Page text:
Last night I watched NOVA | The Great Robot Race | PBS on TV. I'd heard about the challenge two years ago when none of the robots did very well.
You see, DARPA decided to host a challenge to anyone who could build a robot that could complete a 130 mile trek through the Mojave desert. And last year, the "best" team made it 7 miles.
The show (the entire hour is available on-line - PBS rocks) follows a number of the teams, discussing their different approaches, and then covers the race itself.
CMU has two robots, and Stanford has one - they were the main focus of the show. While I like CMU a lot, I think the Standford team's accomplishment was much more impressive. Of course, they won the competition, but it's not that they won, it's how they did it.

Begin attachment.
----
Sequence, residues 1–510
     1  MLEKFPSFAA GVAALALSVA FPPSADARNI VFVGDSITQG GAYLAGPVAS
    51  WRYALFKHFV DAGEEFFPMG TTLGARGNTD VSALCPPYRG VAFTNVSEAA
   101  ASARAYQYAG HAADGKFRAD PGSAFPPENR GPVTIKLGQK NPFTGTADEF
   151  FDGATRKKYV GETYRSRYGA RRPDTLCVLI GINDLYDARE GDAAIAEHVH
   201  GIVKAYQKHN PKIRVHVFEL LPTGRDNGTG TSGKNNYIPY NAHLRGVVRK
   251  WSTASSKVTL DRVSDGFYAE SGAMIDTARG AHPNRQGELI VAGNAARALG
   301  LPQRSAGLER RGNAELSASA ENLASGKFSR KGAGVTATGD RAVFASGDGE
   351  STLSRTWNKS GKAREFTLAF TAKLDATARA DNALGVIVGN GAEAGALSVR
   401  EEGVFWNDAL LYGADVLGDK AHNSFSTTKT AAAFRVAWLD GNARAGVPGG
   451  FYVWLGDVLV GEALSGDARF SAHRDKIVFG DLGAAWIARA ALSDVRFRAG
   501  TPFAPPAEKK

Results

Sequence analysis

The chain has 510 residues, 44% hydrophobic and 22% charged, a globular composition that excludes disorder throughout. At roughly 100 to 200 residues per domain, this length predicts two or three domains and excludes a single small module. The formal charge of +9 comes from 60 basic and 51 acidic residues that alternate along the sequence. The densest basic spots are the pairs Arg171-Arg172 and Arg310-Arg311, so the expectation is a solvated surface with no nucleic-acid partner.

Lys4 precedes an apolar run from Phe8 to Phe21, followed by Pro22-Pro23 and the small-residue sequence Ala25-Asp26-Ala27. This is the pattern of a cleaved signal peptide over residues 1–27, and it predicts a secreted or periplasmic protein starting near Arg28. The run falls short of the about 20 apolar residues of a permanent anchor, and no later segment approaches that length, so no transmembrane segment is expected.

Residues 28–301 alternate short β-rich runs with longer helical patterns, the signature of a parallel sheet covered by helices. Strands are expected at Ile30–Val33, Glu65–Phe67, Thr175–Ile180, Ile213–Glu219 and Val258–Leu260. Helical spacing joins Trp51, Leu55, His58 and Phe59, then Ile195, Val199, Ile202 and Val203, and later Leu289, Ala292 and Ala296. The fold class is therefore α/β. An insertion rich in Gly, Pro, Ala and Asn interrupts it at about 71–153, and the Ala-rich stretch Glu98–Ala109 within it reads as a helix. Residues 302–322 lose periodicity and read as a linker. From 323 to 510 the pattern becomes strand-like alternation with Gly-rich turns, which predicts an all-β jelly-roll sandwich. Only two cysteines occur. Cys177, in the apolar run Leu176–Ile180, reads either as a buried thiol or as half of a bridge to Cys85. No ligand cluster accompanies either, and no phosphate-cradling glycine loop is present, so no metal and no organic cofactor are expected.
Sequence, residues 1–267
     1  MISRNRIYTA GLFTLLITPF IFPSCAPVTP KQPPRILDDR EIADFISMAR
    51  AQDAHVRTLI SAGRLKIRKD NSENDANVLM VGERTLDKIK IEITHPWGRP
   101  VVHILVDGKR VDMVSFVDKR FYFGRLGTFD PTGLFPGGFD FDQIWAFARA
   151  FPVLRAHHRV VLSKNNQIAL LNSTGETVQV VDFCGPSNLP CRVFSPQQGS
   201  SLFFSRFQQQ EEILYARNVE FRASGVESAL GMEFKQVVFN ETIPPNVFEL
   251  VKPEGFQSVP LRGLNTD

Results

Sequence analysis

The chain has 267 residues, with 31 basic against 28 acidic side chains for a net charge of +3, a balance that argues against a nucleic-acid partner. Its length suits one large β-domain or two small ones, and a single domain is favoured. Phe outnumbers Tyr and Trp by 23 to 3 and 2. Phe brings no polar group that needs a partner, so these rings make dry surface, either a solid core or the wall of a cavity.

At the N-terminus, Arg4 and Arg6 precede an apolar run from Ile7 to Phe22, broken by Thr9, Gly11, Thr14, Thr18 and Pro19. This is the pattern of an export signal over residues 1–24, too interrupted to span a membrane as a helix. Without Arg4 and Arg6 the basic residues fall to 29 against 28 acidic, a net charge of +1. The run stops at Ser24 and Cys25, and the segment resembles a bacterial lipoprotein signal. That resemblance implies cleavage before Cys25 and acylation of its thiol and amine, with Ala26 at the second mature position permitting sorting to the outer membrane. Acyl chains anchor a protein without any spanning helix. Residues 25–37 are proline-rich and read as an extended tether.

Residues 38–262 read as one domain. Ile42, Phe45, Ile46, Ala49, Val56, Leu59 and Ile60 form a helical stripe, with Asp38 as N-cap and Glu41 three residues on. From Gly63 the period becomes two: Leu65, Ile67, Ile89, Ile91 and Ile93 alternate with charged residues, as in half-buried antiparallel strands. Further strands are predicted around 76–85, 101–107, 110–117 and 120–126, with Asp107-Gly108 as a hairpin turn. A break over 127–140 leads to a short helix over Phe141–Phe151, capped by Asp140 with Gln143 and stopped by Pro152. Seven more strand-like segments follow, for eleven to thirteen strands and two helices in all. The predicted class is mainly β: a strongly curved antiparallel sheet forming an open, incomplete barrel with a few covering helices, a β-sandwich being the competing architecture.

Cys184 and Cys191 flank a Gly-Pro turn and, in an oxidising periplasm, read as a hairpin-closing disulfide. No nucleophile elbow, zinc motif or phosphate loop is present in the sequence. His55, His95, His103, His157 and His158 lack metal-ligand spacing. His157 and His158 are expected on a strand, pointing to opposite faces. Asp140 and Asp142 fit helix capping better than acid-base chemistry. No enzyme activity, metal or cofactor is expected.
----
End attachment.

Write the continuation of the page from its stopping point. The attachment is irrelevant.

Stanford's robot, Stanley, is pretty much just a VW fitted with robotic controls and some off the shelf electronic components. On the other end of the spectrum, the CMU vehicles are Humvees with a lot of custom-made electronics. Stanford's robot was the only one to complete the qualification round without touching any of the obstacles (pretty impressive). And, when given the race course (a set of GPS coordinates), the Stanford team just uploaded those and let the robot go. The CMU team on the other hand, had a team of 30-50 people break the course down into detailed positions and contours, basically programming the path and speed for the robot for every inch of the race. So Stanford's approach seems more general and thus more powerful.